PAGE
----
In this monthly email threat review installment, we present an overview of the email-based threats observed in June 2022 and compare them to the previous month’s threats.

The report provides insights into:

Unwanted emails by category

The following table shows the distribution of unwanted emails per category.

Email category %
Rejected 78.69
Spam 15.90
Threat 4.13
AdvThreat 1.23
Content 0.05

The following histogram shows the email volume per category per day.


The listed email categories correspond to the email categories listed in the Email Live Tracking of Hornetsecurity’s Control Panel. So our users are already familiar with them. For others, the categories are:

Category Description
Spam These emails are unwanted and are often promotional or fraudulent. The emails are sent simultaneously to a large number of recipients.
Content These emails have an invalid attachment. The administrators define in the Content Control module which attachments are invalid.
Threat These emails contain harmful content, such as malicious attachments or links, or they are sent to commit crimes, such as phishing.
AdvThreat Advanced Threat Protection has detected a threat in these emails. The emails are used for illegal purposes and involve sophisticated technical means that can only be fended off using advanced dynamic procedures.
Rejected Our email server rejects these emails directly during the SMTP dialog because of external characteristics, such as the sender’s identity, and the emails are not analyzed further.

File types used in attacks

There are a few reasons why HTML, PDF, ZIP, and Excel files are often used in email attacks. One reason is that these files can be used to embed malicious code that can be executed when the file is opened. The victims can easily execute executable files, e.g., .exe files, without needing additional software, e.g., Microsoft Office. Another reason is that these files can be used to trick users into divulging sensitive information, such as passwords or credit card numbers. This is especially relevant for HTML files. Often phishers send HTML files, and when opened, they appear to be the login menu to banking sites. Finally, these files can be used to install, deploy and start malware on a victim’s computer.

The following table shows the distribution of file types used in attacks.

File type (used in malicious emails) %
Archive 35.6
HTML 18.5
Excel 14.4
PDF 12.6
Disk image files 5.5
Executable 5.0
Word 3.5
Other 4.9

The following histogram shows the email volume per file type used in attacks per 7 days.

Industry Email Threat Index

Attackers preferably target the research industry this month. The research industry is full of sensitive information. By successfully phishing key employees, attackers may get access to critical research details. Additionally, the research industry is often slow to adopt new security technologies due to budget constraints, making it easier for attackers to exploit vulnerabilities.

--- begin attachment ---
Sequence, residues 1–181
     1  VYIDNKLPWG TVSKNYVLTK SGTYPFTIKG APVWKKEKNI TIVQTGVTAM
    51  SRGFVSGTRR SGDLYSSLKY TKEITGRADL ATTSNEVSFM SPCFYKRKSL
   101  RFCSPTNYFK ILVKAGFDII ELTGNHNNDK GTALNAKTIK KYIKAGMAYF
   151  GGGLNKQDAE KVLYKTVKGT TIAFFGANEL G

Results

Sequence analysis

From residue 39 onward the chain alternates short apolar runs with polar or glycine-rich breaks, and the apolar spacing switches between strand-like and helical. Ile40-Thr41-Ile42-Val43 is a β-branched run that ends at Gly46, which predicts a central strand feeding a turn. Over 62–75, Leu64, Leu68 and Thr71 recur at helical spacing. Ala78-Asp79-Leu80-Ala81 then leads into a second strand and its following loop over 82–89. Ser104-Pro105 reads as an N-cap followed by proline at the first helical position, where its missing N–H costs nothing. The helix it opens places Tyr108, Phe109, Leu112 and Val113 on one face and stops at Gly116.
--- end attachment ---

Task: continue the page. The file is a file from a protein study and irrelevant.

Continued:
The following table shows our Industry Email Threat Index calculated based on the number of threat emails compared to each industry’s clean emails (in median).

Industries Share of threat in threat and clean emails
Research industry 7.2
Manufacturing industry 4.2
Transport industry 4.0
Automotive industry 3.9
Utilities 3.9
Information technology industry 3.8
Media industry 3.7
Mining industry 3.7
Retail industry 3.4
Agriculture industry 3.4

The following bar chart visualizes the email-based threat posed to each industry.

The threat index of the research industry remains elevated above 7.


Different (sized) organizations receive a different absolute number of emails. Thus, we calculate the percent share of threat emails from each organization’s threat and clean emails to compare organizations. We then calculate the median of these percent values for all organizations within the same industry to form the industry’s final threat score.

Attack techniques

Phishing dominates email attacks because it is a very effective way to trick people into giving away their personal information or clicking on malicious links. Phishing emails often look like they come from a legitimate source, such as a well-known company or website. They often contain urgent or alarming language that can trick people into taking action without thinking. Modern tools allow phishers to retrieve 2FA codes or session cookies from their victims to circumvent security.

The following table shows the attack techniques used in attacks.

Attack technique %
Phishing 30.7
URL 11.5
Advance-fee scam 7.4
Executable in archive/disk-image 5.3
Extortion 4.1
Maldoc 3.4
HTML 2.3
Impersonation 1.3
PDF 0.3
Other 33.8

The following histogram shows the email volume per attack technique used per hour.

Impersonated company brands and organizations

Some of the most commonly impersonated brands in email phishing attacks are banks, credit card companies, shipping companies, and online retailers. These types of attacks usually involve the attacker sending an email that appears to be from a legitimate company, and asking the recipient to provide personal or financial information. In many cases, the email will contain a link that leads to a fake website that looks identical to the real website. The attacker then uses the information that is collected to commit fraud or identity theft.

The following table shows which company brands and organizations our systems detected most in impersonation attacks.

Impersonated brand or organization %
Sparkasse 17.3
DHL 11.8
Amazon 11.3
1&1 4.6
Postbank 4.1
Microsoft 3.8
UPS 3.8
Volks- und Raiffeisenbank 3.3
LinkedIn 2.9
DocuSign 2.7
Other 34.4

The following histogram shows the email volume for brands and organizations detected in impersonation attacks per hour.

It’s a constant stream of phishing and other attacks impersonating big brands and organizations to entice recipients to open the emails.